ERIC Number: ED254595
Record Type: RIE
Publication Date: 1985-Mar-2
Reference Count: 0
Statement of the Assistant Attorney General, Civil Rights Division before The Federalist Society Symposium on Equality and the Law.
Reynolds, Wm. Bradford
Comparable worth is a concept not merely alien but also inferior to the traditions of the American people. The thesis that jobs of "comparable worth" demand pay equivalency--at least as between male-dominated and female-dominated occupations--is unworthy of serious attention in both legal and economic terms. The consequences of accepting in the United States a system of compensation based on comparable worth would all be bad. The main criticisms of comparable worth are: (1) it is concerned neither with employment discrimination nor compensation discrimination but with the redistribution of wealth along gender lines; (2) it is difficult to determine how one would ascertain whether a certain job was comparable in value to another; (3) in an open economy individual compensation is determined not by the intrinsic societal value of the job but by the marketplace factors of supply and demand; (4) the wage gap between genders can be explained by factors other than gender-based discrimination; (5) as Title VII of the Civil Rights Act of 1964 requires only a showing of intentional discrimination, the demands of comparable worth go far beyond Federal civil rights legislation; and (6) comparable worth would increase taxes, require expensive administration, and increase unemployment. (RDN)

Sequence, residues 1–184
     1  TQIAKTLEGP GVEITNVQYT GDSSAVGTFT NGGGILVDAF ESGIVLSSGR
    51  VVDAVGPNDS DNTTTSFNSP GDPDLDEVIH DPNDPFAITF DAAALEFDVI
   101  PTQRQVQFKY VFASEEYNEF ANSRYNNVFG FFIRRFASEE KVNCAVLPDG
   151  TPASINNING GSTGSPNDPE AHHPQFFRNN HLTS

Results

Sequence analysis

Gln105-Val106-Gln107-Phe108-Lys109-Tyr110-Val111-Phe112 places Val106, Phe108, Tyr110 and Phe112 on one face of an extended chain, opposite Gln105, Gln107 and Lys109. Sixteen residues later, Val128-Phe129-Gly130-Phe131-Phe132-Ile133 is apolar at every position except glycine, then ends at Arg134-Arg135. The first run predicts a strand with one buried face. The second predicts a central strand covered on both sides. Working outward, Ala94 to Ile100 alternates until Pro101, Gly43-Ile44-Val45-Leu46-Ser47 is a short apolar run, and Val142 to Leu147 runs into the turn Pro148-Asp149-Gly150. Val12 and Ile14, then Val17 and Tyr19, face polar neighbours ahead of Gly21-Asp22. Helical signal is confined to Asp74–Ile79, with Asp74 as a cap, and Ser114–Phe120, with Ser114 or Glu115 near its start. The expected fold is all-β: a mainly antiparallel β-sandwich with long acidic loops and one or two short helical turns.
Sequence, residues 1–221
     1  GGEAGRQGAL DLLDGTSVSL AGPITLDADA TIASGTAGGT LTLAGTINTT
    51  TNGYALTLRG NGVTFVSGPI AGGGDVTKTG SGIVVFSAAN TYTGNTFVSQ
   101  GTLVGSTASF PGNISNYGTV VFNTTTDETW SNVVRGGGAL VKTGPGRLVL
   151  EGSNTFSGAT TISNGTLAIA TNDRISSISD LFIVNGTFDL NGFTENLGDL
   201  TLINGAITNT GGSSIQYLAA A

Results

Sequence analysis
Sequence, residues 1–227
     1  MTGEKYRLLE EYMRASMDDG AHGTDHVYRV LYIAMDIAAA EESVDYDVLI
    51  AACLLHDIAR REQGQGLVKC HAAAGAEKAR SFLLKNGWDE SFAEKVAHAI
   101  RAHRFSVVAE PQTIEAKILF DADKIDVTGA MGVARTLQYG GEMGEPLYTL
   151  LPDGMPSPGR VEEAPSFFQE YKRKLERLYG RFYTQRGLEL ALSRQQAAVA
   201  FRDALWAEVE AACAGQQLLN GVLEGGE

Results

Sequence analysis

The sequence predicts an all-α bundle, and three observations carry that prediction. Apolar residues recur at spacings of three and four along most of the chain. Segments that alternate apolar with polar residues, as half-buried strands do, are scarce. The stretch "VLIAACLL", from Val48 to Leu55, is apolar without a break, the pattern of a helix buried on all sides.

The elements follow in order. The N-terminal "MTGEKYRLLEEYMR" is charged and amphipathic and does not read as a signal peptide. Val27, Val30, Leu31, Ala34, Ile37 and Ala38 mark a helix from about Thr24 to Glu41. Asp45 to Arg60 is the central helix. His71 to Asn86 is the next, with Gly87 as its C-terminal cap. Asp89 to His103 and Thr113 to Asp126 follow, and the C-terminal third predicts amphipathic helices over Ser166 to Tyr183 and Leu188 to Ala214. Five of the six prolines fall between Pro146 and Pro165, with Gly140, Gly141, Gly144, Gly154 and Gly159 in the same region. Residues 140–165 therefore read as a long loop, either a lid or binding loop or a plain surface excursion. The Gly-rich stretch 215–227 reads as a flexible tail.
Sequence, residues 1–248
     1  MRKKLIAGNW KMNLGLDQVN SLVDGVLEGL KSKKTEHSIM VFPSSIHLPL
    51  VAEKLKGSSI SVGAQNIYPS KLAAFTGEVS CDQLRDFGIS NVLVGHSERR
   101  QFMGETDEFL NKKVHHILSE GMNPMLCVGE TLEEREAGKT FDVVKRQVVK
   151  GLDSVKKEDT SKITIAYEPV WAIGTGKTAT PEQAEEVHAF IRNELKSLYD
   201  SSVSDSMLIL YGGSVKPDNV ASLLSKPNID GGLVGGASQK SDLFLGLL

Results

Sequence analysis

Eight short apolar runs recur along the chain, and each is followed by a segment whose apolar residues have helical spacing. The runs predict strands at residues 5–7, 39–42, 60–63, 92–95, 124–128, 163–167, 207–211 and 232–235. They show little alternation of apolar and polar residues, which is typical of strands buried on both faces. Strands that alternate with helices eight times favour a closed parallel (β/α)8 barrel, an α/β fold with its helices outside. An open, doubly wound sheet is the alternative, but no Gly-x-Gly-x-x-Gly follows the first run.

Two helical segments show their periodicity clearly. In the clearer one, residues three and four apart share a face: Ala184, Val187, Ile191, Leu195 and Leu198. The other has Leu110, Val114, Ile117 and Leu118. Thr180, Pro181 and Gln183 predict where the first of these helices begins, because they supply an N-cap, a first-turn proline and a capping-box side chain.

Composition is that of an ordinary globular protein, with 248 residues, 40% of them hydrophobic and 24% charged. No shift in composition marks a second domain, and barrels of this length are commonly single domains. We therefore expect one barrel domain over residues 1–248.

Publication Type: Opinion Papers
Education Level: N/A
Authoring Institution: Department of Justice, Washington, DC. Civil Rights Div.
Identifiers: Civil Rights Act 1964 Title VII; Comparable Worth
Note: Statement made at Georgetown University Law Center (Washington, DC, March 2, 1985).